An advantage of the present invention is that the non-parallel and non-perpendicular scanning angles reduce aliasing effects.
Another advantage of the present invention is that the non-parallel and non-perpendicular scanning angles can be easily implemented with current scanning electron microscopes.
The aforementioned and other advantages and features of the present invention will become better understood upon reviewing the following detailed description of the invention taken in conjunction with the following drawings, where like numerals represent like elements, in which:
The SEM and method of operation thereof will now be described with reference to
According to conventional wafer scanning methods, a slight shift in the orientation of the particle beam during scanning will result in the apparent detection of an irregularity along the edge of the patterned structure of the die on the semiconductor wafer 100 by a detector system 155. During wafer inspection, this will result in an otherwise satisfactory wafer being categorized as flawed.
Referring now to
Immediately below the beam defining aperture 210 is an annular detector system 155 which collects secondary electrons (SE) and back scattered electrons (BSE) emitted from the semiconductor wafer 100 during the scanning operation. Detector system 155 has an aperture that is larger than the beam defining aperture 210 so the particles from the primary beam 125 are not affected in any way by the detector system 155 as they pass through the beam defining aperture 210.
Residing in the central bore are deflection units 175 a-175 d. These units are disk-shaped rings, which are axially symmetric about the Z-axis. Located outside of the central bore is deflection unit 175 e, which is co-axial with the Z-axis and similar in construction to the deflection units within the central bore of the objective lens system. In accordance with the present invention, a first set of deflection units 175 a, 175 d and 175 e deflect the particle beam spot a deflection field distance of about 600 μm in one version of the invention upon application of an appropriate voltage to the exciting coils 190. A second set of deflection units 175 b and 175 c is dedicated to producing a more rapid scanning movement of the beam to cover an area of approximately 50 μm, and is centered on the position determined by the first set of deflection units 175 a, 175 d and 175 e. Scanning is performed by dwelling on a point for a period of time (on the order of a few or tens of nanoseconds), moving to the next point in a row of points and then repeating the scan operation for the next row until an entire grid of points covering the area is scanned. If the beam spot rests at a position on the semiconductor wafer for 10 ns then a single scan of a 50 μm line requires about 5 μs and the scan of the entire area takes at least 2.5 ms. In practice, an additional amount of time (about 1 μs/scan line) is required for retracing the beam between each successive scan causing the total time to scan the field to be about 3 ms (2.5 ms+500×1 μs). Deflection unit 175 e is particularly important for improving the size of the deflection field over the semiconductor wafer 100 because it is closest to the specimen and in the retarding field produced by the specimen. Thus deflection unit 175 e will have a large effect on the position of the particle beam 125 because it is deflecting a beam with much lower energy than the deflection units 175 a-175 d and it is the deflection unit nearest the landing point of the beam on the specimen. On traversing across the surface of the semiconductor wafer 100, the particle beam 125 is deflected by deflection units 175 a-175 e and captured by a detector system 155. These captured electrons are called secondary electrons or back scattered electrons and are different from the primary electrons forming the particle beam 125 incidental on the surface of the semiconductor wafer 100. Once the secondary electrons and the back-scattered electrons are captured by the detector system 155, an image of the scanned semiconductor wafer is reconstructed. This image can then be used for wafer inspection to detect defects in the wafer in great detail.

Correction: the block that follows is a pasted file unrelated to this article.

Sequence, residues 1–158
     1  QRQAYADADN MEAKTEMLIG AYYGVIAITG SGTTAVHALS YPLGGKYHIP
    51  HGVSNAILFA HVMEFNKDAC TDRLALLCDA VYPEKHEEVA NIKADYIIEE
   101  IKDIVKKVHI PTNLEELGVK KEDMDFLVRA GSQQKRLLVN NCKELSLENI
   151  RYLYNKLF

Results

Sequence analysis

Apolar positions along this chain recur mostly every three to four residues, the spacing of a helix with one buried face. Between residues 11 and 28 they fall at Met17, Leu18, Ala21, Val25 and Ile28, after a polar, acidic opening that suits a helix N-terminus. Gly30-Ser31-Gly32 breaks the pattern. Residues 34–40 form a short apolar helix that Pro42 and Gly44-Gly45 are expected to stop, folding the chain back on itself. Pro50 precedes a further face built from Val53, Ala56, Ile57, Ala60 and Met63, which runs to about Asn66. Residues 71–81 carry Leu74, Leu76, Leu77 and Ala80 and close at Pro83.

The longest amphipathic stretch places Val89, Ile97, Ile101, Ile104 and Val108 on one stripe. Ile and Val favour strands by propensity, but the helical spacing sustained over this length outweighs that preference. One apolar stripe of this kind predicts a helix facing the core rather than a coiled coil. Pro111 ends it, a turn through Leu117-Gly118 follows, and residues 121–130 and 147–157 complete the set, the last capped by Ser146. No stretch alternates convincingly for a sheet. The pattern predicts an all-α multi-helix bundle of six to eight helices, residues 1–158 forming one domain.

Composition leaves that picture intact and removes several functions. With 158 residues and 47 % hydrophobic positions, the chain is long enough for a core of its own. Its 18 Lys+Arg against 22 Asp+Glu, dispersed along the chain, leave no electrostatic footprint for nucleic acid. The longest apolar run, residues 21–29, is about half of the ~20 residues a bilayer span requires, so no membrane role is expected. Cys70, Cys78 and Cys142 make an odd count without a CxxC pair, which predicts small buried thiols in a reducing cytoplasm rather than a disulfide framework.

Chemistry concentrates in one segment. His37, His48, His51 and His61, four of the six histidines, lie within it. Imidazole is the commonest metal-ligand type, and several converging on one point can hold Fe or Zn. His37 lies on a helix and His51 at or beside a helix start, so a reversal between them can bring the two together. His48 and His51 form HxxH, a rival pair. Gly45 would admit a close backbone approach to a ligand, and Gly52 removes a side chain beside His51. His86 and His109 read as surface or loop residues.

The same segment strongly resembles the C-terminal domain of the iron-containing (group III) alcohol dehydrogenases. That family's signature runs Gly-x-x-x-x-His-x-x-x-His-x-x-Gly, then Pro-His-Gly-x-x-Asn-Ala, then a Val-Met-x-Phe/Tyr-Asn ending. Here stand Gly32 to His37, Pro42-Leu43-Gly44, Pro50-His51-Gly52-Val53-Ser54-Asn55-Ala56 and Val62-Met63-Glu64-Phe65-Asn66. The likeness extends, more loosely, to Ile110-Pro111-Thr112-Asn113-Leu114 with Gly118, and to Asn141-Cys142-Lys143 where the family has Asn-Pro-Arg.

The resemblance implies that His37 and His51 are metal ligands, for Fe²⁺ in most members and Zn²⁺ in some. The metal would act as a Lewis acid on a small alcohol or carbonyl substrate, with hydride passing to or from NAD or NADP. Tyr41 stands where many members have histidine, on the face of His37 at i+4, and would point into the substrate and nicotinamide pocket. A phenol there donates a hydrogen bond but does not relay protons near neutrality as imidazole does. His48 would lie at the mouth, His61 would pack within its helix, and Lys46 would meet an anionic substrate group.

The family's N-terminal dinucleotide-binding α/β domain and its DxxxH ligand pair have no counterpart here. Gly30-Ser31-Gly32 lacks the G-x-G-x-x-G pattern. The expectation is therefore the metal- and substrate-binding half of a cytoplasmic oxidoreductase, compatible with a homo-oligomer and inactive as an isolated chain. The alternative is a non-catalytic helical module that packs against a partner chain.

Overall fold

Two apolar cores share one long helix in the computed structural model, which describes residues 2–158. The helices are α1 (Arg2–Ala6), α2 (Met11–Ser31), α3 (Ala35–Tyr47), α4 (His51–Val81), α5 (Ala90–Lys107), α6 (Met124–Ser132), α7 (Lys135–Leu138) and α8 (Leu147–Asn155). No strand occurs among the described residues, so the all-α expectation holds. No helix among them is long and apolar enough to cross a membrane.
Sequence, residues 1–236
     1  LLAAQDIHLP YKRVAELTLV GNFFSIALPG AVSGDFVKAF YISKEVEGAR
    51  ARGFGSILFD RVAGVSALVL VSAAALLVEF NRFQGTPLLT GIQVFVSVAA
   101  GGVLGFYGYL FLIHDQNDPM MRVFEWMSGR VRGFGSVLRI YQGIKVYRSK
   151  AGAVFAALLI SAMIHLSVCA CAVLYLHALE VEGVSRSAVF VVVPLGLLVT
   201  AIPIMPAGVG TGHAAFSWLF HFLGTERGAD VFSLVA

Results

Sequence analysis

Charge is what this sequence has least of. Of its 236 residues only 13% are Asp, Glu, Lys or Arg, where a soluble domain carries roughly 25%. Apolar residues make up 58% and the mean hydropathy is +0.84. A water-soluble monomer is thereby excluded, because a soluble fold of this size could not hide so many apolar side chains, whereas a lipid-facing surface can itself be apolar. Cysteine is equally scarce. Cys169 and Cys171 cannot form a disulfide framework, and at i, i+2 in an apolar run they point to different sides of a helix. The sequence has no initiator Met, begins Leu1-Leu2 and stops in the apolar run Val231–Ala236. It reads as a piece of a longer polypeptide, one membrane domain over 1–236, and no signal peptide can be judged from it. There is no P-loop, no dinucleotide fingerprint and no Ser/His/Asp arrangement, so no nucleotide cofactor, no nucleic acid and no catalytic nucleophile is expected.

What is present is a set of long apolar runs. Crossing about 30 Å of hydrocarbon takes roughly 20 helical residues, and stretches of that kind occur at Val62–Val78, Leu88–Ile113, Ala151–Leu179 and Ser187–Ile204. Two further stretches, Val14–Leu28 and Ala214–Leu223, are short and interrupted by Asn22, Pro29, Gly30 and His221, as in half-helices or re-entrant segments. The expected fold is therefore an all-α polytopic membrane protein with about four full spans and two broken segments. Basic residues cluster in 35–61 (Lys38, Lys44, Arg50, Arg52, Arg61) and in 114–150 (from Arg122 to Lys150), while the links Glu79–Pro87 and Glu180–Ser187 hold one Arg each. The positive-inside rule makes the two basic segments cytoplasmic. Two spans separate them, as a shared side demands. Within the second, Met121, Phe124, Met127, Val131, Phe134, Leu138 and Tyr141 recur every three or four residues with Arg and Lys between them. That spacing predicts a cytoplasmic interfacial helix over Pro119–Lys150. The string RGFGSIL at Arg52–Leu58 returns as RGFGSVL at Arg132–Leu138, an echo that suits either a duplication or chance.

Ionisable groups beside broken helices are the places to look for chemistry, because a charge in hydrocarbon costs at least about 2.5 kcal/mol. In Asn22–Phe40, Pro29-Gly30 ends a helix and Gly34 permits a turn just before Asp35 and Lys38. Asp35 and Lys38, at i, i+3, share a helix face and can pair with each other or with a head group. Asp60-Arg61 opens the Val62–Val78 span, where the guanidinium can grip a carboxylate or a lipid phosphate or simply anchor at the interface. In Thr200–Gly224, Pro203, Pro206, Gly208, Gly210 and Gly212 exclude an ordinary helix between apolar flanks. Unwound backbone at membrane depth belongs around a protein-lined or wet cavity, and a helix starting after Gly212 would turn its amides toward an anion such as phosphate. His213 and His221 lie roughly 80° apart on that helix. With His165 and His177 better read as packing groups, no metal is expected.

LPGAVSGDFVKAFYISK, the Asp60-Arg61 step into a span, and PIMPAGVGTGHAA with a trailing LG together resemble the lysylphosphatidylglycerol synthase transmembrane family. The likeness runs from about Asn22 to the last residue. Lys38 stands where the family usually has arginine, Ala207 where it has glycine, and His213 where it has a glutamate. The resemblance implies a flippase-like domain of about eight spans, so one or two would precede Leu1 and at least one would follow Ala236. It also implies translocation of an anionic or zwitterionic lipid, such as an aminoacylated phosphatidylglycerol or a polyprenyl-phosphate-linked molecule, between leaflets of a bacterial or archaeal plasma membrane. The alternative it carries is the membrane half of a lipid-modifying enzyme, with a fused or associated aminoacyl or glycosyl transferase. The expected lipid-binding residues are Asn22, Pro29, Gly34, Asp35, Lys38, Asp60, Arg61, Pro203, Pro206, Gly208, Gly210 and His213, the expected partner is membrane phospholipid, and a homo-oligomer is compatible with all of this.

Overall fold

Now referring to
Anti-aliasing is the name for techniques designed to reduce or eliminate aliasing in the image of a surface structure on a semiconductor wafer. As discussed earlier, aliasing is caused by a slight misalignment between the particle beam scanning direction and resulting in the detection of an apparent irregularity along the edge of a surface structure on of the semiconductor wafer. By scanning the surface of the semiconductor wafer at an angle within the preferred ranges as provided above, the negative effects caused by aliasing are minimized thus producing images with much better quality along the edge of a structure.